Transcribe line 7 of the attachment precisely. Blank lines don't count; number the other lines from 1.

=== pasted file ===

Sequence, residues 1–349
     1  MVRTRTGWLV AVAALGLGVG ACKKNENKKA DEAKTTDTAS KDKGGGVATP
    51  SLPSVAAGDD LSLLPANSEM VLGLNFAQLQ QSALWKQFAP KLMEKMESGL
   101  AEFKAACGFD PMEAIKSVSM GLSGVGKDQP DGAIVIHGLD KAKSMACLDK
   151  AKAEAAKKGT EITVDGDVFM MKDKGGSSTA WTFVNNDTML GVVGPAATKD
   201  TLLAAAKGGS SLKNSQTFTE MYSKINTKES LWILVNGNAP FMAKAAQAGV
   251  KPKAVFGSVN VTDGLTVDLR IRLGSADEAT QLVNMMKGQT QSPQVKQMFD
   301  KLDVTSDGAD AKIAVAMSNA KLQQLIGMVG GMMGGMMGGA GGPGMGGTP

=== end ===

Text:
   251  KPKAVFGSVN VTDGLTVDLR IRLGSADEAT QLVNMMKGQT QSPQVKQMFD